Storm over celebrity cook’s ‘jehadi scarf’
To Palestinian-American designer Nemi Jamal, the controversy surrounding a fringed black-and-white scarf worn by television celebrity cook Rachael Ray in an ad for iced coffee is “just a disgrace.”
Dunkin' Donuts pulled the ad last week after critics said that the scarf worn by the Food Network star symbolised Muslim extremism and terrorism.
Not to Jamal, born in Jericho and now living in New City, New York, who said that the kaffiyeh, the traditional Arab headdress, is no fashion faux pas but a symbol of nationalism. She is among the Arab-Americans who say the comments are inaccurate and show prejudice.
“The Palestinian people consider this their flag,” said Jamal, who has designed jeans, pocketbooks and neck ties with the scarves.
Once the trademark headwear of former Palestinian leader Yasser Arafat, the hatta, as it is also called, dates back centuries and is used to shield those who live in the desert from the relentless sun and dust storms. The traditional headdress became symbolic during the Palestinian uprising against the British occupation from 1936 to 1939, and has been a symbol of nationalism ever since, according to Rochelle Davis, an assistant professor of culture and society at Georgetown University's Center for Contemporary Arab Studies.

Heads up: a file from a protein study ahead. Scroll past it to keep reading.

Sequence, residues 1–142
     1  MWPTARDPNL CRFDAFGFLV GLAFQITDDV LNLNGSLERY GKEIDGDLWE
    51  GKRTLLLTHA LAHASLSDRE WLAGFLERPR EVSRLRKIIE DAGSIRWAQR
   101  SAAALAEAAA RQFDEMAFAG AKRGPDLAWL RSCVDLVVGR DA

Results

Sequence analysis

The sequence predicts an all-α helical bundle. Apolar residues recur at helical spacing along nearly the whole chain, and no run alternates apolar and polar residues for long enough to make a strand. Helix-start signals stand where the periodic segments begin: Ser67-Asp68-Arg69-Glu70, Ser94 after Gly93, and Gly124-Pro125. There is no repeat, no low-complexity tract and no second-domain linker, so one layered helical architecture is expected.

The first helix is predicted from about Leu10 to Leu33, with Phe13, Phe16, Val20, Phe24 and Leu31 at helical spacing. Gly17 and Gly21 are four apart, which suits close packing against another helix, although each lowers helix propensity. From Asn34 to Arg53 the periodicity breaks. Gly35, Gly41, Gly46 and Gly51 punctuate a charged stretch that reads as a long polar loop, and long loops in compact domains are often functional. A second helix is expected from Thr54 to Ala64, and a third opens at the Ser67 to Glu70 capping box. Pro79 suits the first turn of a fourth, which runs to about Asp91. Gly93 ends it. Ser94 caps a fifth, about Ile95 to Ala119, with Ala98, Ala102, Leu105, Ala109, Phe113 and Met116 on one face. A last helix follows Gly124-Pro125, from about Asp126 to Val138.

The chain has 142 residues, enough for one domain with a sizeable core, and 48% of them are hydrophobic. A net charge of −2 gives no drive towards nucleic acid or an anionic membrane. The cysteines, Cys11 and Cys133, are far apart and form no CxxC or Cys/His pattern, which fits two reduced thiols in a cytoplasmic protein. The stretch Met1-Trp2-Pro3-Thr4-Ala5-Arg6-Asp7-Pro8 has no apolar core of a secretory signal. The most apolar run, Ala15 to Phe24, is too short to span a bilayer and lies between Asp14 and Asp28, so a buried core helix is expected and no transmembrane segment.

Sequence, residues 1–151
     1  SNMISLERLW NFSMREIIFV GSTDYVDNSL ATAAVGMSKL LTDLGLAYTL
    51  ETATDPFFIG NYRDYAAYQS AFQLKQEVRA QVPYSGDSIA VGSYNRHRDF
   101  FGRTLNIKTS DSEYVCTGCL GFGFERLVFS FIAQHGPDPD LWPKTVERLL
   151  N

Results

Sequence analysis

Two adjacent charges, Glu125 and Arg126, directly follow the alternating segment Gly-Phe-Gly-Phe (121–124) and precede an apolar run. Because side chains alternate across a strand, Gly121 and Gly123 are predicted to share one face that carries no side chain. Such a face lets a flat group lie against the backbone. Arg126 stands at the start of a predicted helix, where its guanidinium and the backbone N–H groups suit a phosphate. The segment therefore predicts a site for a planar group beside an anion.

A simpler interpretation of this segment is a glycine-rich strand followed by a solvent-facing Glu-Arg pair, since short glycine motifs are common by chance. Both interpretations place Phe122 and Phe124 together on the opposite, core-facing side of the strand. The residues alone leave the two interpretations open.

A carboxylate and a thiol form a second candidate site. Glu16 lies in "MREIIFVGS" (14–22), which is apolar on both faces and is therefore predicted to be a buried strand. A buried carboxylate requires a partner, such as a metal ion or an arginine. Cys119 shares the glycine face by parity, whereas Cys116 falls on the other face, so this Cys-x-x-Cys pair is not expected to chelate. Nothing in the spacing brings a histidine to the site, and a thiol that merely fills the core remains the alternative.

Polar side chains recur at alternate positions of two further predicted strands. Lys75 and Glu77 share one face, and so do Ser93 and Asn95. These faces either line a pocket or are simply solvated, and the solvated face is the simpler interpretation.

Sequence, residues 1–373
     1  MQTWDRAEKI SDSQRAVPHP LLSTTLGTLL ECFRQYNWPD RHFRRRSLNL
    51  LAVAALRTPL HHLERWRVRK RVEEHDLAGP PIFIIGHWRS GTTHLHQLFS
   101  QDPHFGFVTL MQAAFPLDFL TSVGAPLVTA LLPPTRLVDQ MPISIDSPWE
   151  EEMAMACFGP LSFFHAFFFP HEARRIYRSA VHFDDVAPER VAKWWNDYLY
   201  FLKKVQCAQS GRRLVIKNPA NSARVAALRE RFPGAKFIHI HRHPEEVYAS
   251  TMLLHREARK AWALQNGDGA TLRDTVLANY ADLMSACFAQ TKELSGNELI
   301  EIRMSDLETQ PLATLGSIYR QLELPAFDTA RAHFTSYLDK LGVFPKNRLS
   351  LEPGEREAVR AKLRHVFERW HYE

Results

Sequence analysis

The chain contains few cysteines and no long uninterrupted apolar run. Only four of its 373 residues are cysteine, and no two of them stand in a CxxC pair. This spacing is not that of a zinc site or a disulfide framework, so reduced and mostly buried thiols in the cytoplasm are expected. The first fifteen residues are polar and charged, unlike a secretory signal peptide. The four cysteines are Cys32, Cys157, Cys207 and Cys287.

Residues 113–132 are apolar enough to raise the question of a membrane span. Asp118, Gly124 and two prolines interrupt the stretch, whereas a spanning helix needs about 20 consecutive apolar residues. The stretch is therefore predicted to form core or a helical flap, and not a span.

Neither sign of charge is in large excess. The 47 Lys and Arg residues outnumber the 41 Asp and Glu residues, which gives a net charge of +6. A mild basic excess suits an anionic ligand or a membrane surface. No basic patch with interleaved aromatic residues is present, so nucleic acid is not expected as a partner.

But blogs had buzzed about the scarf in the Dunkin' Donuts ad, with some arguing it is worn by terrorists who appear in beheading and hostage-taking videos.
Conservative commentator Michelle Malkin said in her online column that the apparel “has been mainstreamed by both ignorant (and not-so-ignorant) fashion designers, celebrities, and left-wing icons.”
“The kaffiyeh, for the clueless, is the traditional scarf of Arab men that has come to symbolize murderous Palestinian jihad,” the column read.